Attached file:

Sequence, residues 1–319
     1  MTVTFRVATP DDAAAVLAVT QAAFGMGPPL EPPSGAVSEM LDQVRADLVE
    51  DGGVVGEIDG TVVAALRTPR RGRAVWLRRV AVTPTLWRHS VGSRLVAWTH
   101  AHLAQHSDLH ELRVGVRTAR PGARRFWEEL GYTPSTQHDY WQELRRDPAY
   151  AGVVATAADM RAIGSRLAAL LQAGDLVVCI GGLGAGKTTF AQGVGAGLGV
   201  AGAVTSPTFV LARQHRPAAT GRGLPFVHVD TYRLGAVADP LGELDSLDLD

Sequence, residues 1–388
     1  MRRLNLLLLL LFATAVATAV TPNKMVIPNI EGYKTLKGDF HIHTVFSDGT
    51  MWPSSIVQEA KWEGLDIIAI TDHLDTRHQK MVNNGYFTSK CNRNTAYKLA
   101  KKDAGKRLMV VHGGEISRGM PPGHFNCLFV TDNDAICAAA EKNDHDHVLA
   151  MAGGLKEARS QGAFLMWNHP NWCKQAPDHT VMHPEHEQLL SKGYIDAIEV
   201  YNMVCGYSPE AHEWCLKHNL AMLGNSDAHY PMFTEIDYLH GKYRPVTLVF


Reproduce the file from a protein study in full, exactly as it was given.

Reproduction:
Sequence, residues 1–319
     1  MTVTFRVATP DDAAAVLAVT QAAFGMGPPL EPPSGAVSEM LDQVRADLVE
    51  DGGVVGEIDG TVVAALRTPR RGRAVWLRRV AVTPTLWRHS VGSRLVAWTH
   101  AHLAQHSDLH ELRVGVRTAR PGARRFWEEL GYTPSTQHDY WQELRRDPAY
   151  AGVVATAADM RAIGSRLAAL LQAGDLVVCI GGLGAGKTTF AQGVGAGLGV
   201  AGAVTSPTFV LARQHRPAAT GRGLPFVHVD TYRLGAVADP LGELDSLDLD

Sequence, residues 1–388
     1  MRRLNLLLLL LFATAVATAV TPNKMVIPNI EGYKTLKGDF HIHTVFSDGT
    51  MWPSSIVQEA KWEGLDIIAI TDHLDTRHQK MVNNGYFTSK CNRNTAYKLA
   101  KKDAGKRLMV VHGGEISRGM PPGHFNCLFV TDNDAICAAA EKNDHDHVLA
   151  MAGGLKEARS QGAFLMWNHP NWCKQAPDHT VMHPEHEQLL SKGYIDAIEV
   201  YNMVCGYSPE AHEWCLKHNL AMLGNSDAHY PMFTEIDYLH GKYRPVTLVF